Houston, enjoying its fastest start ever, won five in a row before falling to the Dodgers 2-1. The Astros got three complete games in one week, and Larry Dierker pitched his second shutout in 12 days, beating Atlanta 9-0.
Before Steve Arlin stopped them at San Diego, Cincinnati's Reds won nine straight, sometimes by stealth. While being intentionally walked by the Giants, Pete Rose joked with Catcher Dave Rader about the folly of walking a .250 hitter, then poked the fourth ball past Third Baseman Jim Ray Hart. It was the first time Rose had ever hit an intentional ball, but it won the game.
Atlanta was intimidated in three straight disasters at Houston, losing 8-2, 6-5 and 9-0, then dropped one to San Francisco, ending a seven-game Giant losing streak. At one point the Giants were 9-23—exactly the reverse of the situation about this time last year.
LA 20-12 HOUS 18-12 CIN 17-14 SD 14-17 ATL 11-19 SF 10-24
Mays Days were a distress signal for the rest of the National League. After Willie put on a Met uniform on May 12, New York won every game. Admittedly, Mays had a little help from the ever-green Met pitching staff, which has sprouted remarkable new limbs. Jon Matlack won another two, including a 3-1 five-hitter, bringing his record to 5-0. John Milner, Jim Fregosi and Rusty Staub hit four more homers.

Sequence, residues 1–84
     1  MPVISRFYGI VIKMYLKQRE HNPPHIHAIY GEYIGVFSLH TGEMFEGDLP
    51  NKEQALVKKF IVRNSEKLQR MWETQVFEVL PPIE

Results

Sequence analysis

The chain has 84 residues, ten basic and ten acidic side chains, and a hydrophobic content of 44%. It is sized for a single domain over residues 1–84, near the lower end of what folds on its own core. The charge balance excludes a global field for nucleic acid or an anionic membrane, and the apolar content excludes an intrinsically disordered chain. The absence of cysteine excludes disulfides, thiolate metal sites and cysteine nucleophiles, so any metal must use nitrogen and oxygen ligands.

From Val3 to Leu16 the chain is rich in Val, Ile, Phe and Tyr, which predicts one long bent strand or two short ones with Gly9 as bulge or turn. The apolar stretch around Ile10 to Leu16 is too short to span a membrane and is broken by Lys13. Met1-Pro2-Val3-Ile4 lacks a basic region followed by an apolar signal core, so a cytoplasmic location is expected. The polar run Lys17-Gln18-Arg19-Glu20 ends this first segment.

Pittsburgh also awed the competition with a steely combination of power and pitching. The Pirates outscored opponents 34 runs to four, winning five straight games—the last three shutouts by Steve Blass, Bob Moose and Dock Ellis-Bruce Kison.
Philadelphia slugger Greg Luzinski was so sore at Pitcher Burt Hooton he slammed a homer into the Liberty Bell replica—438 feet from home plate and 55 feet high—in Veterans Stadium. "He didn't have to make that remark about us not being as tough as the University of Texas," said Luzinski. "We were keyed up tonight. I owed him that one." Revenge fell a trifle short as the Phillies managed only two other hits and lost to the Cub knuckle-curver. Meanwhile, Rick Monday was collecting three consecutive home runs in the Chicago win. The Phillies lost again next night 3-2, then ran into the Met buzzsaw. Chicago, after taking two of three from Philly, lost two of three to last-place St. Louis. But the Cubs, who had been 0-5 against lefthanders and 0-6 in games decided by one run, did at least prove they could beat both jinxes.
"That's not a lineup card Expo Manager Gene Mauch makes out prior to every game," a Montreal sportswriter opined, "it's a menu." Could be. The Mets and Pirates ate up everything Mauch had to offer. The Canadians scored fewer than two runs per game during a six-game losing streak. "You'd think by now I'd be able to figure out why we fall apart every year on the 15th of May," Mauch said.
The Cardinals finally pulled out of an eight-game losing streak, their longest since 1957. There was a reason. "My mother told me to stay in the game at least until 8:30, until one of her friends got off work so she could see me," said Pitcher Scipio Spinks. Spinks went all the way for a 4-3 win over the Cubs.
NY 24-7 PITT 16-12 PHIL 15-15 CHI 14-15 MONT 13-17 ST. L 12-20